How that Harper’s Letter Came to Be

An open letter condemning liberal intolerance broke Twitter on Tuesday

It’s only been a day since it was published, but already people know what you’re talking about when you refer to “the Letter.” On Tuesday, Harper’s Magazine published a now infamous 500-word meditation on “justice and open debate” and the concern that the current push for social justice is breeding intolerance. Signed by 150 prominent people in the arts, journalism, and academia, the open letter warns that “the free exchange of information and ideas, the lifeblood of a liberal society, is daily becoming more constricted.” Signees also included Salman Rushdie, Noam Chomsky, and, to the dismay of many, J.K. Rowling, who’s recently faced backlash for comments about transgender people.

The less impeachable names on the list didn’t stop the criticisms from rolling in—one Twitter user called it the “aggrieved whining of the pundit class”—and as they did, many signees either defended their decisions to endorse letter or attempted to distance themselves from the brewing controversy.

Author and trans activist Jennifer Finney Boylan tweeted, “I did not know who else had signed that letter. I thought I was endorsing a well meaning, if vague, message against internet shaming. I did know Chomsky, Steinem, and Atwood were in, and I thought, good company.” In addition to Rowling, at least two other signees have been publicly accused of transphobia.

Writer Malcolm Gladwell, on the other hand, tweeted that he signed because he’d appear along people he doesn’t share opinions with: “I signed the Harpers letter because there were lots of people who also signed the Harpers letter whose views I disagreed with. I thought that was the point of the Harpers letter.”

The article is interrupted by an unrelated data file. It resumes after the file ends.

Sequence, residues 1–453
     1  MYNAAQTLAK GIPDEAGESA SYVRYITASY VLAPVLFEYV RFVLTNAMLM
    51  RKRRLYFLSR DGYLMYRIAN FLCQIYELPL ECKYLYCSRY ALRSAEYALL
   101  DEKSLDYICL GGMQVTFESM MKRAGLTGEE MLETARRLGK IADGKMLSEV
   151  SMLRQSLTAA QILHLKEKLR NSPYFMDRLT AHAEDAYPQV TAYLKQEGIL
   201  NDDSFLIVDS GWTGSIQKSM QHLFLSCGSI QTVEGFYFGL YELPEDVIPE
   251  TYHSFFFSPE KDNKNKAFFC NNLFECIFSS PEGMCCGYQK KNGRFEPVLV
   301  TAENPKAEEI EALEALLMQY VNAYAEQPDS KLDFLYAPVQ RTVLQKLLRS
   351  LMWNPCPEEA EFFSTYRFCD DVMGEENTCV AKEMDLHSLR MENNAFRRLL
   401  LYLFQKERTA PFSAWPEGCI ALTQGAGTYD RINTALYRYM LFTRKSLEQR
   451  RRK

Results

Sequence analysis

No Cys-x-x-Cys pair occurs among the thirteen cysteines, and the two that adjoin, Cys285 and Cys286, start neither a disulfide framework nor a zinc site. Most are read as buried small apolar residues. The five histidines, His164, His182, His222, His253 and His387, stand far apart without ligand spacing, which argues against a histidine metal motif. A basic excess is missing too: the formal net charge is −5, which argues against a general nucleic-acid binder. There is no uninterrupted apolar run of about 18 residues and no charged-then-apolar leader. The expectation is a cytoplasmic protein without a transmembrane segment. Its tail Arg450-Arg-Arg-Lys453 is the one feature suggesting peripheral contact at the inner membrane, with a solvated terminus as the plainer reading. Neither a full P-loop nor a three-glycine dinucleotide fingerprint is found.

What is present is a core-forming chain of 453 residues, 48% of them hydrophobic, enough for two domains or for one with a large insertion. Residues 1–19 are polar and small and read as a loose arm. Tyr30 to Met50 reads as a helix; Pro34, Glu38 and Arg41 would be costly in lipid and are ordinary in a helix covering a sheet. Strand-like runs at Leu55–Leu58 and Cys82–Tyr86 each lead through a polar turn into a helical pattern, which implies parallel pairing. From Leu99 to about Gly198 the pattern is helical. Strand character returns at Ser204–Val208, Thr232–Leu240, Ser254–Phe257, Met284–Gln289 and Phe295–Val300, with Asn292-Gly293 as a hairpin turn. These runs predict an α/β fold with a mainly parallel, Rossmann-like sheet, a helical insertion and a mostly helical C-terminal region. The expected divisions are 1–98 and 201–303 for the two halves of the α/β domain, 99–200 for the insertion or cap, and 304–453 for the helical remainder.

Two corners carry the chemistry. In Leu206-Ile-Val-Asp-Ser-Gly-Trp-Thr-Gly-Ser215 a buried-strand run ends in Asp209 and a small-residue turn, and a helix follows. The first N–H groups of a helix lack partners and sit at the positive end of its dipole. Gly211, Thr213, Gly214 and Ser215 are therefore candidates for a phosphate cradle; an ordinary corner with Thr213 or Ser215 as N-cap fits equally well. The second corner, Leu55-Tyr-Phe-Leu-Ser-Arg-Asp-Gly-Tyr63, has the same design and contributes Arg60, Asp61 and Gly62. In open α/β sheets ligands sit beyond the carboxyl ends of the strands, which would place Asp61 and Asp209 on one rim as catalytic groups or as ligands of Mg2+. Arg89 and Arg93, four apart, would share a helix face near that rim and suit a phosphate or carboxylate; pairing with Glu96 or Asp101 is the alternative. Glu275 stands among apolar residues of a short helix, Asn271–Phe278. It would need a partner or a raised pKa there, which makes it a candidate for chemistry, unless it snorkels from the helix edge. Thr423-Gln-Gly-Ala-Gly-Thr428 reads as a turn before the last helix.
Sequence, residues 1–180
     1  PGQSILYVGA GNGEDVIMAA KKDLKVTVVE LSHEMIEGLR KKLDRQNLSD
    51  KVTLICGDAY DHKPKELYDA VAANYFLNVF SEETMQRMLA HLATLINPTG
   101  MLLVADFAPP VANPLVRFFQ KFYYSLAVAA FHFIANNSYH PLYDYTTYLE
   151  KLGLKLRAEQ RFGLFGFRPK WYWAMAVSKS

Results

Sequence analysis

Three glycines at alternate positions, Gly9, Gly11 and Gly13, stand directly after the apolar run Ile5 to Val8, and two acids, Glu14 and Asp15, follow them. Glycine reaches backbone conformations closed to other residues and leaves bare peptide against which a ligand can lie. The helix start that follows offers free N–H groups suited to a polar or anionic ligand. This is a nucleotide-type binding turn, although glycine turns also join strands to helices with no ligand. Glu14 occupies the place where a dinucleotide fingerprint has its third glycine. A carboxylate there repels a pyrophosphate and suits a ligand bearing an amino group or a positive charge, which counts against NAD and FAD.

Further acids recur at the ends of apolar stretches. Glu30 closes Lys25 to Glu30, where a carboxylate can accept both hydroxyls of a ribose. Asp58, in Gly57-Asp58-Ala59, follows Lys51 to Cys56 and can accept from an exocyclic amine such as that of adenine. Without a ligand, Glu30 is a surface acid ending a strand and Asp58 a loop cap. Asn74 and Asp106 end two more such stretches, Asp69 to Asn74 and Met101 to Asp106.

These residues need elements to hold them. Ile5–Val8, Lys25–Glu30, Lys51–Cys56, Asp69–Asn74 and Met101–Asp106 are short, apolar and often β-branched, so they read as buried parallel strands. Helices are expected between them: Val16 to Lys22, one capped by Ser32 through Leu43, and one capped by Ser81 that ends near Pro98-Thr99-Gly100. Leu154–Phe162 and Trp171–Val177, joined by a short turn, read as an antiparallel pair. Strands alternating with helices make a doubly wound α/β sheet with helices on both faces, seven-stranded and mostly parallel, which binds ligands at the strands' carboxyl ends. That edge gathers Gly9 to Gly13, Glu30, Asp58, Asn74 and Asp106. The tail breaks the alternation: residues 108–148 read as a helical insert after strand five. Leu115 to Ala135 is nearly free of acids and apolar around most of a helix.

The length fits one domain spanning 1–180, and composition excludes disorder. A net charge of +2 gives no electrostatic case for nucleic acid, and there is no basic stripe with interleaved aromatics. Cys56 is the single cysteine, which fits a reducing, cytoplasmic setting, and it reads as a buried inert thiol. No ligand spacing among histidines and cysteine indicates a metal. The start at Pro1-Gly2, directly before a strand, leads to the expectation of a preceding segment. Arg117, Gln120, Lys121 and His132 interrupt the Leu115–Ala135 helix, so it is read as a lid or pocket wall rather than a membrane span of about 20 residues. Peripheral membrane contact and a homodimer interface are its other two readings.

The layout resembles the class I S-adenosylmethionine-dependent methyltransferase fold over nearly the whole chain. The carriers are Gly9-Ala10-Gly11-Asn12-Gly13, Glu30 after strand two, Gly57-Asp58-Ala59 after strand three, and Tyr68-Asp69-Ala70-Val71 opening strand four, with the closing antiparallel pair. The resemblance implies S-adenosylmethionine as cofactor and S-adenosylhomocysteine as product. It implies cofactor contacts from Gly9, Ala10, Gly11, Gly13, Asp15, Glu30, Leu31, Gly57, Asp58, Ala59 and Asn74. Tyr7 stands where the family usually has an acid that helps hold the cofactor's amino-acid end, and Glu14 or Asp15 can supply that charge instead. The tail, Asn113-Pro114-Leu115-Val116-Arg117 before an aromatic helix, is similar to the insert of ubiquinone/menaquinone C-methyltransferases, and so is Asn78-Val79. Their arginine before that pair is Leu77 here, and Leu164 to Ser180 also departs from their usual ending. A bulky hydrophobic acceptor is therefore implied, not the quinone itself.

According to The New York Times, the letter was crowd sourced and crafted by as many as 20 people, but was the brainchild of Thomas Chatterton Williams, a Harper’s columnist and  New York Times Magazine contributor who is the author of, among other books, Self-Portrait in Black and White: Unlearning Race. After the letter was published, Williams tweeted, “This Open Letter is a signal of support to those who have felt isolated or unable to express themselves freely without fear of reprisal. There are many, many people out here who may not agree on everything but who stand together against censoriousness in any form it takes.”

Asked why the letter was published, Williams cited several recent incidents, including fallouts at the National Book Critics Circle and at the Poetry Foundation following their respective statements on the Black Lives Matter movement, and the firing of data analyst David Shor, who tweeted a study linking looting and the election of Richard Nixon.

As for how the list of signees came together, Williams described an “organic” process that would gather a diverse group of voices, among them Reginald Dwayne Betts, a poet who defended signing on and the content of the letter itself.

“I’m rolling with people I wouldn’t normally be in a room with,” he said. “But you need to concede that what’s in the letter is worthy of some thought.”

The letter is slated to be published in the October issue of the magazine.

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